A map of the District showing the spots that draw in Pokemon Go players doesn’t just tell where all the Pikachus and Charizards are hiding. It also underscores the demographic divisions across city neighborhoods, according to researchers at the Urban Institute.
Pokestops, the locations where players capture the cartoon monsters, and “gyms” where the creatures are trained up, tend to be concentrated around parks, popular stores and restaurants, and other landmarks. In the District, the heaviest concentration of Pokemon Go hotspots can be found around the Mall, Dupont Circle, Georgetown, and other neighborhoods with lots of gathering spots. And the parts with the greatest concentrations of Pokemon-connected locations tend to be DC’s majority-white neighborhoods, while majority-black neighborhoods have far fewer places where users can catch one. East of the Anacostia River is a relative Pokemon desert, according to this map:
“Pokestops and gyms are abundant in predominantly white neighborhoods,” the researchers, Shiva Kooragayala and Tanaya Srini write. “Even when accounting for population density and the percentage of millennials at the neighborhood level, we find that as the share of the white population increases, Pokéstops and gyms become more plentiful.”
The uneven distribution of Pokemon Go locations can be largely attributed to its underlying technology. The game’s publisher, Niantic, developed it from its previous “augmented reality” game, Ingress, in which players marked up real-world maps with crowdsourced “portals” until Niantic stopped taking new submissions last September. Ingress’s fan base was made up largely of white, English-speaking men, resulting in that game’s map being tilted toward business- and tourist-heavy areas.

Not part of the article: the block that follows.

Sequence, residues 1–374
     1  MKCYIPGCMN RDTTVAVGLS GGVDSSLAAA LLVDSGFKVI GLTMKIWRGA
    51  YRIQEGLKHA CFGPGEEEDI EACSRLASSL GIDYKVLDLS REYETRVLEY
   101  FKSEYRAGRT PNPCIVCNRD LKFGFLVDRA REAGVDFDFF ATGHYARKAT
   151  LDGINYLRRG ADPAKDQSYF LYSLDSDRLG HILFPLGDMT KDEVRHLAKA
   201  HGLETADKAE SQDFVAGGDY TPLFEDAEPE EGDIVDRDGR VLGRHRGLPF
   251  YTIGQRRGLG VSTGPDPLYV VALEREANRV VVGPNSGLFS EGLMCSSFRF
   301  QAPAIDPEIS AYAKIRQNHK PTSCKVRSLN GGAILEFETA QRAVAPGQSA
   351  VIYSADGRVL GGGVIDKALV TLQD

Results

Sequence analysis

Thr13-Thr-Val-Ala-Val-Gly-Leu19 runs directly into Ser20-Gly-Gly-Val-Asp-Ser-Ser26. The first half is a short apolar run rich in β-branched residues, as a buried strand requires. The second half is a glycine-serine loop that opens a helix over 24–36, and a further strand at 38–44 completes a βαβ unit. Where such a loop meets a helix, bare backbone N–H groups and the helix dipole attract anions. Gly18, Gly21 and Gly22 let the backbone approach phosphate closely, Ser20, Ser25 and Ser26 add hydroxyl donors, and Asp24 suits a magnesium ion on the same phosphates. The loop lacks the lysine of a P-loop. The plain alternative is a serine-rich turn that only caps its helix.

When Niantic built Pokemon Go, the portals Ingress players left were transformed into Pokéstops and gyms, resulting in the map players face now. Pokemon Go’s data isn’t available, but Kooragayala and Srini read Ingress’s map of “portals” and found that DC’s majority-white neighborhoods contained an average of 58 Pokestops and gyms, while majority-black neighborhoods averaged only 26 Pokemon locations.
Even when adjusting his analyses to account for income levels and age distribution—and discounting the activity around the Mall—Kooragayala finds that the proportion of Pokemon Go action taking place in majority-white neighborhoods is just as pronounced.
While Kooragayala doesn’t fault the publisher, his analysis can be instructive in what Pokemon Go says about placemaking in cities. Similar patterns have been seen in Detroit, Boston, and San Francisco, where Pokemon Go maps also show an abundance of hotspots in majority-white neighborhoods, while parts of those cities with fewer parks, businesses, and other communal spots are populated (by little cartoon monsters) more sparsely. Fusion calls the effect “Pokémon redlining,” a reference to discriminatory housing practices against minorities and poor people.
But because Pokemon Go fundamentally is a game that requires its users to go outside and walk around, Kooragayala says the game could lead to better placemaking where it is lacking. “Pokemon has this great potential for placemaking, and it’s really about creating a sense of place and community,” he says. “What we were really looking at was if everyone in the city has been able to participate in an equal way. That’s not really the case.”
Guides to catching Pokemon in Washington almost uniformly tell players to hunt around the Mall and the neighborhoods closest to downtown. Of the 24 locations included in a map by Curbed, the one farthest from DC’s urban core is located at Monroe Street Market, an upscale residential and commercial development in Brookland.
Building and improving public spaces can improve business, cultural, and tourist activity in neighborhoods and often leads to reduced crime rates, increased pedestrian traffic, and improved public health, according to urban planners like Kooragayala. Pokemon Go, at its best, could be an engine for improvement if its publisher starts allowing users to create new locations like it did with Ingress.
“When we live in these segregated communities there isn’t much interaction between neighborhoods,” he says. “When you’re battling you’re encountering different people. Like when you go to a park and everyone’s experiencing a space the same way.”